Ndb_api_wait_meta_request_count[_session|_slave]

The number of times a user thread has blocked waiting for some metadata operation to complete. This is quite a catch-all term, which can include DDL (Create/Drop table etc), and some transaction initialisation steps.

Ndb_api_wait_nanos_count[_session|_slave]

The number of nanoseconds a user thread has blocked in one of the three scenarios above. This is kind of an 'IO_WAIT' time for Ndb operations. It tracks how long the thread was blocked waiting for the data nodes to complete their operations. The resolution is nanoseconds, but this requires support from the operating system. On operating systems with lower resolution, this count will be coarser, and some operations may complete with zero observed wait time.

Ndb_api_bytes_sent_count[_session|_slave]

The number of bytes sent to the Ndb data nodes. This includes all request types, rows inserted etc. It does not include regular heartbeating as that generally adds too much noise to make the counters useful.

Ndb_api_bytes_received_count[_session|_slave]

The number of bytes received from the Ndb data nodes. This includes all request types, rows read etc. It does not include regular heartbeating as that generally adds too much noise to make the counters useful.

Ndb_api_trans_start_count[_session|_slave]

The number of NdbApi transactions started. Note that NdbApi transactions are not always immediately on a BEGIN statement as an optimisation.

Ndb_api_trans_commit_count[_session|_slave]

The NdbApi transactions which have been explicitly committed. Not all transactions started are committed or aborted, some are started, and then closed.

Ndb_api_trans_abort_count[_session|_slave]

The NdbApi transactions which have been explicitly aborted.

Ndb_api_trans_close_count[_session|_slave]

The NdbApi transactions which have been closed. It should closely track the number which have been started.

Ndb_api_pk_op_count[_session|_slave]

The number of Primary Key (pk) operations which have been executed. Eack pk operation affects zero or one rows. This includes read, insert, update, write, delete. Note that operations on tables with Blobs can also generate pk and uk operations.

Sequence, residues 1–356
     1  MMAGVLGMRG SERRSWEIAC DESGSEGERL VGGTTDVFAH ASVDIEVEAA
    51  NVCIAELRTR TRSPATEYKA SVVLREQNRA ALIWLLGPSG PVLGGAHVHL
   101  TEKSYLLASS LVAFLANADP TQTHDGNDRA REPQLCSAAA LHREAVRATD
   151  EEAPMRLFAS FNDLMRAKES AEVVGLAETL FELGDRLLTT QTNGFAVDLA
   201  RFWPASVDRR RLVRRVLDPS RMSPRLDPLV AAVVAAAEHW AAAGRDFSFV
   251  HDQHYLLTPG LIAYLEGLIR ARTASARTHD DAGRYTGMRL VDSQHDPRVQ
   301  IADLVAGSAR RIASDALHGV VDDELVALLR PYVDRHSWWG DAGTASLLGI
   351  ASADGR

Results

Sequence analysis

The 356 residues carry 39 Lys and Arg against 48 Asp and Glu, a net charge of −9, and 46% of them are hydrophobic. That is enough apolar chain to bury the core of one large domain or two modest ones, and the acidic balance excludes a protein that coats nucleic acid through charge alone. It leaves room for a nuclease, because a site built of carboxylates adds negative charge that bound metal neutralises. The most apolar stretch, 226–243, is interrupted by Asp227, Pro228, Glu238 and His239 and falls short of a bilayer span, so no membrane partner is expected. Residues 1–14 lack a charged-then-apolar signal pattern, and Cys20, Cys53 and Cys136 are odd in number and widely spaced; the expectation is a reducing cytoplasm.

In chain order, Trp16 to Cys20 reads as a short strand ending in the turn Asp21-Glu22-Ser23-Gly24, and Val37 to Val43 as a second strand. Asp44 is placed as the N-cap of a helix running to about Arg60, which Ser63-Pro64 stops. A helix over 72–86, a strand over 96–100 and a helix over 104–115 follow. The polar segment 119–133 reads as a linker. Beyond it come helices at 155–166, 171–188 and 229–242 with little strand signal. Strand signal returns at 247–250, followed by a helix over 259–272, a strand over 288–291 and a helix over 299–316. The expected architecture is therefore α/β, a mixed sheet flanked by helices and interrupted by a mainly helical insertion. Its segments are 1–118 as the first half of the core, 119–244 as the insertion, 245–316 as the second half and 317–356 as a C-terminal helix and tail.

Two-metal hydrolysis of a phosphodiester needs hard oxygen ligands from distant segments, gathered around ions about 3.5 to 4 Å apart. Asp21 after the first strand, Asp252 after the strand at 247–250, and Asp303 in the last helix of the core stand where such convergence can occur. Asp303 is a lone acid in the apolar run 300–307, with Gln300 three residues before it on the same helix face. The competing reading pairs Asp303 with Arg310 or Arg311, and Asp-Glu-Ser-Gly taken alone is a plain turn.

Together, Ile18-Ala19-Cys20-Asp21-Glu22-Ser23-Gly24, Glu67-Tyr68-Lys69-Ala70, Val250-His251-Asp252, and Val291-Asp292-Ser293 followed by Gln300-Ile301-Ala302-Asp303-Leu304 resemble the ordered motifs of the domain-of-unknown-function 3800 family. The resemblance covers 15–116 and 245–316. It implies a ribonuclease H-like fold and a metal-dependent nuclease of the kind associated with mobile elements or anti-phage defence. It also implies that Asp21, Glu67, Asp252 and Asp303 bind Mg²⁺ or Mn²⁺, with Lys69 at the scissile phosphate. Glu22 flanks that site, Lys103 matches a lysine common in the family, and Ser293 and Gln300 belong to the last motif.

Ndb_api_uk_op_count[_session|_slave]

The number of Unique key (uk) operations which have been executed. Each uk operation affects zero or one rows. This includes read, update, write, delete by unique key.

Ndb_api_table_scan_count[_session|_slave]

The number of table scans which have been started. Table scans can have pushed-down filters, so although they must access all data in a table, they might not return it all to the MySQL Server. Also, started scans may be stopped before all table data is accessed.

Ndb_api_range_scan_count[_session|_slave]

The number of range (Ordered Index) scans which have been started. Range scans take bounds and pushed-down filters, so may access and/or return zero to all rows to the MySQL Server.

Ndb_api_pruned_scan_count[_session|_slave]

The number of scans which have been successfully pruned to one partition of the scanned table/index. See my previous Blog entries for details about scan partition pruning.

Ndb_api_scan_batch_count[_session|_slave]

The number of batches of rows returned to the MySQL Server from scans. Each scanned table/index fragment returns matching rows in batches, whose size is controlled by the batchsize parameters. NdbApi handles one batch from each fragment at a time. Fetching the next batch from a fragment requires a round-trip to the data nodes, although multiple fragments can be asked for their next batch in one trip. Minimising the Ndb_api_scan_batch_count, by increasing batchsize and improving scan selectivity can improve throughput, latency and efficiency.

Ndb_api_read_row_count[_session|_slave]

The number of rows returned to the MySQL Server from Primary Key read, Unique Key reads and Table and Index scans.

Ndb_api_trans_local_read_row_count[_session|_slave]

The number of rows returned to the MySQL Server from the same data node where the reading transaction has its Transaction Coordinator (TC). Where the TC and the data read reside on the same data node, one hop in the data reading control protocols is avoided. This is the goal of transaction hinting and distribution awareness, and its effectiveness can be checked by comparing Ndb_api_trans_local_read_row_count to Ndb_api_trans_read_row_count. The higher the proportion of local reads, the better.

Ndb_api_event_data_count[_injector]

The number of data change events (row insert, delete, update notifications) received from the data nodes. On a Binlogging MySQL Server, this count can give a measure of the rate of data change in a cluster in terms of rows/second.

Ndb_api_event_nondata_count[_injector]

The number of non-data events (table alter/drop notifications etc) received from the data nodes.

Ndb_api_event_bytes_count[_injector]

The total number of bytes of event data (data and nondata events) received from the data nodes. This gives another measure of the Cluster change rate in terms of bytes/second.

At NdbApi level
As the names suggest, all of these counters are reflecting things happening in the NdbApi implementation. The data collection is built into NdbApi, and is therefore also available to any NdbApi client, not just the MySQL Server.

Using the counters